The Kensington Review

4 September 2006

Latest Commentary: Volume V, Number 105
US Diplomacy Makes Progress in Iraq -- This journal has maintained that the Bush administration has bungled the Iraq situation so badly as to make Mr. Bush the leading candidate for the title of "worst president in American history." So when something goes right, one has an obligation to the truth to point it out. Former Secretary of State James A. Baker III has been to Baghdad and has talked with leaders of the Sunni community. That doesnít seem like much, but force hasnít worked, so maybe negotiations can.

Donors Find $940 Million for Lebanon, $500 for Palestine -- The international community met last week in Stockholm and pledged $940 million in aid for Lebanon and $500 for the Palestinians. The UN had set targets of $500 million and $330 million respectively. Now, the donors just have to pay up. If they satisfy their pledges in full, the political issues wonít go away, but they have literally bought some time to address these problems, not that anyone will.

Airfix Models May be Permanently Unglued -- One of the things kids did a few decades ago that they donít seem to do now is build models. Plastic airplanes stuck together (with a glue that one wasnít supposed to inhale) donít hang from bedroom ceilings as they used to do. As a result Airfix, a British model company owned by Humbrol (now in receivership), finds itself at the edge of oblivion. Computer games and the internet appear to have done in the hobby and Airfixís revenues.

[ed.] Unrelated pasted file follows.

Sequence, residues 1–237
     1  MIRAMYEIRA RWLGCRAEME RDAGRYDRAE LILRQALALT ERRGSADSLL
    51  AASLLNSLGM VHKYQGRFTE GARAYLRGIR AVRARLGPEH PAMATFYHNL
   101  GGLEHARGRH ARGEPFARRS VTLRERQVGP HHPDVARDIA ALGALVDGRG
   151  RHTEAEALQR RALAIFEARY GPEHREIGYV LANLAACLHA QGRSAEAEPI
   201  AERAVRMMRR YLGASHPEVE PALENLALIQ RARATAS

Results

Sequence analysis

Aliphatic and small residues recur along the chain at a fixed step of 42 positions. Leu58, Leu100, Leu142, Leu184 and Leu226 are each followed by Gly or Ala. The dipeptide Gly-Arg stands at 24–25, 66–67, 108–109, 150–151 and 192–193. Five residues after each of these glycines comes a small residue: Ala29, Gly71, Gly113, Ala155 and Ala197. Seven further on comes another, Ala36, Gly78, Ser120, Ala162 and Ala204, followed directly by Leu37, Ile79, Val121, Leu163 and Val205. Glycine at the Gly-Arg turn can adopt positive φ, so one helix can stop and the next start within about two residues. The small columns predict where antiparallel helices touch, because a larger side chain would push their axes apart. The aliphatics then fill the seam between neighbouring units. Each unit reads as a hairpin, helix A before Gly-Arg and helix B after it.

Garfinkle Says It All in American Dream vs. Gospel of Wealth -- Norton Garfinkle may have written the most important book on American economic policy of the decade. His newly published The American Dream vs. Gospel of Wealth: The Fight for a Productive Middle-Class Economy says what most Americans feel in their bones but cannot articulate. Specifically, he traces US economic history since de Tocqueville and Lincoln illustrating that there are two dominant visions of American economic life and then shows, using economic data rather than curves drawn on napkins, that one is superior to the other. Best of all, he does it in 200 pages accessible to non-economists.

© Copyright 2006 by The Kensington Review, Jeff Myhre, PhD, Editor. No part of this publication may be reproduced without written consent. Produced using Fedora Linux.

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